Race in Modern Irish Literature and Culture

Race in Modern Irish Literature and Culture

Race in Modern Irish Literature and Culture

Race in Modern Irish Literature and Culture

Synopsis

John Brannigan radically rereads the cultural history of the Irish state, demonstrating through original historical research and insightful new readings of literary and artistic works that race is central to modern Ireland's definition of itself. Brannigan examines the tropes of racial identity and racist distinction that underpin modern expressions of Irishness and traces a persistent concern with racial ideologies in twentieth-century Irish culture. Ulysses is read against the Irish Race Congress in Paris and the making of the Irish Free State in 1922. The works of Liam O'Flaherty, Samuel Beckett, W. B. Yeats, and Jack Yeats engage critically with anthropological representations of "the Irish face." Brannigan reads a wide range of mid-century fiction against a public discourse on "foreign bodies" and examines critical conversations on figurations of blackness in Irish culture. A provocative revision of modern Irish cultural history.

Excerpt

Quite suddenly, or so it seemed, Ireland became a multi-cultural society. It happened in or around 1996, and caught everyone by surprise. the television comedy series, Father Ted, dramatised this moment in an episode first screened in March 1998. Father Ted, to relieve the boredom of having to clean the house, gives Father Dougal a knowing smile, puts a ‘coolie’ lampshade on his head, pulls back the skin on either side of his eyes to narrow them to a slit, peels his upper lip back over his teeth, and then proceeds to mimic a Chinese pidgin-English accent, saying ‘Oh! Ho! I am Chinese if you please’. the audience laughs, and Father Ted goads Dougal for appearing rather dumbstruck by his ‘Ching Chong Chinaman’ impression, but Ted’s cheeky grin soon disappears when he turns to find three Chinese people looking at him through his window. Ted looks aghast to Dougal for an explanation, and is told that the Chinese people are the Yin family living in ‘that whole Chinatown area’. ‘There’s a Chinatown in Craggy Island?’, gasps Ted, and then admonishes Dougal for not telling him this: ‘Dougal, I wouldn’t have done a Chinaman impression if I’d known there was going to be a Chinaman there to see me doing a Chinaman impression …. They’ll think I’m a racist’.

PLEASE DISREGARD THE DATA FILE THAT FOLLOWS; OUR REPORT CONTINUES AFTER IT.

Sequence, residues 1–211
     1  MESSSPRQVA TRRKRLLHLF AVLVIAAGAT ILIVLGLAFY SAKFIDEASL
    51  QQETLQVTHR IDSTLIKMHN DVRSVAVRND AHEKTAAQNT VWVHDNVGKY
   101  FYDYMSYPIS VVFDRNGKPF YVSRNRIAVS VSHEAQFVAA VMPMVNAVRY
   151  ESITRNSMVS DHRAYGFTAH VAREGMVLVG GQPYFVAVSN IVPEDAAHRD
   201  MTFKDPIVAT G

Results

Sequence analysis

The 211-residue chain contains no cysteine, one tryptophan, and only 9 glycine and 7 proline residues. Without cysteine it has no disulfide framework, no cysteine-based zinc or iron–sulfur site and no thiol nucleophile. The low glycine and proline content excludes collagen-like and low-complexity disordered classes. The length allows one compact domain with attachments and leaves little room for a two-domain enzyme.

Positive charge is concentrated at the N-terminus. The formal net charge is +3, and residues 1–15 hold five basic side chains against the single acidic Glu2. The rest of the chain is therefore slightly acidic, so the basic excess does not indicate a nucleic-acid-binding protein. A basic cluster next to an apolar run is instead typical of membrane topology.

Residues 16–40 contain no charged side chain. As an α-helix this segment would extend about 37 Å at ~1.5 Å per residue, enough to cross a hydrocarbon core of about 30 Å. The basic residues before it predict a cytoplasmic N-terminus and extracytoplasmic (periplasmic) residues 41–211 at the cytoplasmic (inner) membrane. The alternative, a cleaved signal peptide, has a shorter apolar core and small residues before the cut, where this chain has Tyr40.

Ted’s ‘Chinaman’ impression belongs, of course, to an extensive and familiar Western tradition of comic racial stereotypes, which has its origins in the same music hall and theatrical contexts that saw blackface minstrelsy emerge in the 1830s in the United States, and can be traced further back to the ways in which cultural and racial differences had been used within English comedies since Shakespeare’s time. According to Krystyn Moon, ‘yellowface minstrelsy’ developed from the 1850s onwards, and comprised ‘dialect, makeup, posture, and costuming’, which ‘marked the Chinese body as inferior and foreign’, and which emerged as an expression of American anxieties about Chinese migration into California in the 1850s. It has remained since that time as a . . .

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